This generosity flows from increasingly desperate homebuilders. Hot markets are cooling fast as interest rates rise. In the great housing slowdown of 2018, shoppers are reclaiming the upper hand, after years of soaring prices that placed most inventory out of reach for many families. “Everybody is hungry for the buyers,” Konara says.
Unfortunately, buyers are rapidly disappearing from the landscape. One recent survey discovered that just 13 percent of all Americans plan to purchase a home during the next year. That number has declined for three consecutive quarters, and it has now fallen by nearly half over the past 12 months.
But of course Americans still need homes. That hasn’t changed at all. In fact, we have millions of young adults that should be buying their first homes right now, but instead record numbers of them are living with Mommy and Daddy.
If you can believe it, one new study just found that a third of all young adults in the United States live with their parents…
More adult millennials are moving home to save money, and its making them more depressed, new research reveals.
And it’s making their parents pretty miserable too, according to other recent research.
A full third of young adults in the US live with their parents. In fact, millennial men and women are more likely to live with mom and dad than in any other living arrangement.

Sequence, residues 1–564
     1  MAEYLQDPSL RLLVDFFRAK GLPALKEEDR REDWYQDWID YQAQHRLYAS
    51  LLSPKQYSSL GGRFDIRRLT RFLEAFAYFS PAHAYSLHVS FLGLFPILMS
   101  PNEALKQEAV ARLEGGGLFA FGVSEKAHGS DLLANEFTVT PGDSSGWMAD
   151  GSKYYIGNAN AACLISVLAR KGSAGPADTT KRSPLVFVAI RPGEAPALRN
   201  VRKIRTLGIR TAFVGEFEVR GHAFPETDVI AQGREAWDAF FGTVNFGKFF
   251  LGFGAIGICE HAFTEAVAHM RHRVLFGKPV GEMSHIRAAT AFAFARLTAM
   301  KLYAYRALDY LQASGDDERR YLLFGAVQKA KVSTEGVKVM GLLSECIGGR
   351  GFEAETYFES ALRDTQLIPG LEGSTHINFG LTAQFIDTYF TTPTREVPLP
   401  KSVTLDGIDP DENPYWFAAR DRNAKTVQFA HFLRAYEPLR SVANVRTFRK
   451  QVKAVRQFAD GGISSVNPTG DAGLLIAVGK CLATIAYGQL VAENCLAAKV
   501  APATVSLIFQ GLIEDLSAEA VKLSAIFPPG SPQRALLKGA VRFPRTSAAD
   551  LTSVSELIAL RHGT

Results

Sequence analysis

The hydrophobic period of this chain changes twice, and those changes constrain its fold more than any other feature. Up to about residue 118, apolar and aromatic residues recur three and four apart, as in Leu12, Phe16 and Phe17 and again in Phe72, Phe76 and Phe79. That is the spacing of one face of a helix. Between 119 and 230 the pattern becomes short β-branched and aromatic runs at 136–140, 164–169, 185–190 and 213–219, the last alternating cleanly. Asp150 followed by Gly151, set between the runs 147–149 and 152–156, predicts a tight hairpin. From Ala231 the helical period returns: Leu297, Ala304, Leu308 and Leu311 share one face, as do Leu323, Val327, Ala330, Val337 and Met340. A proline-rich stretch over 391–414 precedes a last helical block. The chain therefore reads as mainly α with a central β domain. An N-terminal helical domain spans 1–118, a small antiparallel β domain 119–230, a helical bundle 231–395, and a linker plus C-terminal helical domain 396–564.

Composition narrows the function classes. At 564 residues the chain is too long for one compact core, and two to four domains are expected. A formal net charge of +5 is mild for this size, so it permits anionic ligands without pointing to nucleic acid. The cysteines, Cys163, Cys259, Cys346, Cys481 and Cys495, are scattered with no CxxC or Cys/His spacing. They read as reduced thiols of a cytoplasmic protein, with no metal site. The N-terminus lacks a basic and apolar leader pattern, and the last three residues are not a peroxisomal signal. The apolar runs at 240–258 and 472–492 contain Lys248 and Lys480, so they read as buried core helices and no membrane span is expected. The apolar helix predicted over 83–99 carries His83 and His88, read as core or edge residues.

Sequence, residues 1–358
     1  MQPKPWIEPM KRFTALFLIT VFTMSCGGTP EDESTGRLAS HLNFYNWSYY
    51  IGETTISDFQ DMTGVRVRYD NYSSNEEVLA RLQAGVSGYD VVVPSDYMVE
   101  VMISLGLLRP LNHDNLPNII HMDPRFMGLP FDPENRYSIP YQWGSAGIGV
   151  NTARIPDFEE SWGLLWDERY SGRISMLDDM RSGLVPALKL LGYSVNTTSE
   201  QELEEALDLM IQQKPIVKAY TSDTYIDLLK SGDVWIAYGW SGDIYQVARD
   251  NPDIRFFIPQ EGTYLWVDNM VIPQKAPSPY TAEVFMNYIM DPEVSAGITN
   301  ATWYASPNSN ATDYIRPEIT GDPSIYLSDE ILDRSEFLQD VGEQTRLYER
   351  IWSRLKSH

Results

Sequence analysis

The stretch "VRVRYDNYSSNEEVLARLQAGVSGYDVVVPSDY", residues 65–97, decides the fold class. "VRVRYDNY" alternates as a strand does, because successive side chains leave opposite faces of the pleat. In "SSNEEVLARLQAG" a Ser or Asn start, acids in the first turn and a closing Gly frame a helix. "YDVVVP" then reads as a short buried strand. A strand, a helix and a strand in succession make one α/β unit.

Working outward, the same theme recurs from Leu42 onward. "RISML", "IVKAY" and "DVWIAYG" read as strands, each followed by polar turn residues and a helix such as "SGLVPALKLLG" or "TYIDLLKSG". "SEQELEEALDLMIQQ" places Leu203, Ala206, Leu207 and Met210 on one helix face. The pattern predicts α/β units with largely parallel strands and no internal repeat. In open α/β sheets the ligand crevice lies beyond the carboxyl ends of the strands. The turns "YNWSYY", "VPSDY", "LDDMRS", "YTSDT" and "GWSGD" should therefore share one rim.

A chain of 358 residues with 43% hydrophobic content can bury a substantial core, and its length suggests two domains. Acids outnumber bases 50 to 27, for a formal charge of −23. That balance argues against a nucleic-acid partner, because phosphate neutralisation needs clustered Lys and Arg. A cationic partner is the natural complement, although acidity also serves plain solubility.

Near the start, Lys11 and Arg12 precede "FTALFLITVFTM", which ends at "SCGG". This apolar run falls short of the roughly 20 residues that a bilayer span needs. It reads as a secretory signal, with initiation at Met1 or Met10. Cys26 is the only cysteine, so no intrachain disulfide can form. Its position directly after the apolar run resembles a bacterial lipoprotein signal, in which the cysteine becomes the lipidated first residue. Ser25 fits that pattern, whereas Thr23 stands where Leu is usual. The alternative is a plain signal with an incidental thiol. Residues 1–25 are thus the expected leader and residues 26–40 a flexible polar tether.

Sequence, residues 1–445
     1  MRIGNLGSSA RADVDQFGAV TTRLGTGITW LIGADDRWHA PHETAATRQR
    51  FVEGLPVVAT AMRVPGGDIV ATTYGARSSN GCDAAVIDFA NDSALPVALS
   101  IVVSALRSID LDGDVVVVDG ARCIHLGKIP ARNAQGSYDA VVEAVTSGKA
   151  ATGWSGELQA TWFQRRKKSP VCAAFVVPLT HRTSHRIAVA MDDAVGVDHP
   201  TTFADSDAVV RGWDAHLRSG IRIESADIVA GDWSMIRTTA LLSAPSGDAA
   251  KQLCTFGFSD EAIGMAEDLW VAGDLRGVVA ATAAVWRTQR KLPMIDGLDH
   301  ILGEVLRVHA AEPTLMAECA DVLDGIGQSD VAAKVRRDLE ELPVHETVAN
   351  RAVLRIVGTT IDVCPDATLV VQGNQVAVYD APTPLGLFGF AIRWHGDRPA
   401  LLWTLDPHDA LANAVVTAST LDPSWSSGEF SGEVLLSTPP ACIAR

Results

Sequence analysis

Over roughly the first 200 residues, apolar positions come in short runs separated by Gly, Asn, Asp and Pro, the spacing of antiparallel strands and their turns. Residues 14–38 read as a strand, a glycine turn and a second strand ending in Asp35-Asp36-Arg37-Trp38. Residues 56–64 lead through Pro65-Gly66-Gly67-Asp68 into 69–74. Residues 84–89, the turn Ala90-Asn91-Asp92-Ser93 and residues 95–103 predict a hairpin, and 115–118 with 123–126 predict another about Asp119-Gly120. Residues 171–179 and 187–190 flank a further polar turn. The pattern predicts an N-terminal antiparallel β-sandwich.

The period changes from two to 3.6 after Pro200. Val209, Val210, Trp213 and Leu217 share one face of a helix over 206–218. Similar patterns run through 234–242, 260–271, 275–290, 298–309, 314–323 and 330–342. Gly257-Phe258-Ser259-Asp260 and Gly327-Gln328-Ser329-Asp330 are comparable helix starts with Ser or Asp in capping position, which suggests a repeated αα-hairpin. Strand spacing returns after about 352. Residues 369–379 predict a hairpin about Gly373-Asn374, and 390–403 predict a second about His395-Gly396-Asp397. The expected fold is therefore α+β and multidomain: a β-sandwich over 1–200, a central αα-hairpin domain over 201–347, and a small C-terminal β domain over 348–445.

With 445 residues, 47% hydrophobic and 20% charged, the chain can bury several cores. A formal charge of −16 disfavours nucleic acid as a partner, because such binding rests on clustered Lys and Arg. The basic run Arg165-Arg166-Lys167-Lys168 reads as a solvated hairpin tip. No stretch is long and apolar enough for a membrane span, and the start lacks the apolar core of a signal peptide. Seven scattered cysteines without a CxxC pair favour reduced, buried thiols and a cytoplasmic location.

Thanks to a lack of good paying jobs, a lot of those young adults simply cannot afford to buy homes.
And as the middle class disintegrates, the number of Americans that are homeless just continues to rise. Just consider these numbers…
In Seattle, the number of “unsheltered” homeless counted on a single night in January jumped 15 percent this year from 2017—a period when the value of Amazon.com Inc., one of the city’s dominant employers, rose 68 percent, to $675 billion. In California, home to Apple, Facebook, and Google, some 134,000 people were homeless during the annual census for the Department of Housing and Urban Development in January last year, a 14 percent jump from 2016. About two-thirds of them were unsheltered, the highest rate in the nation.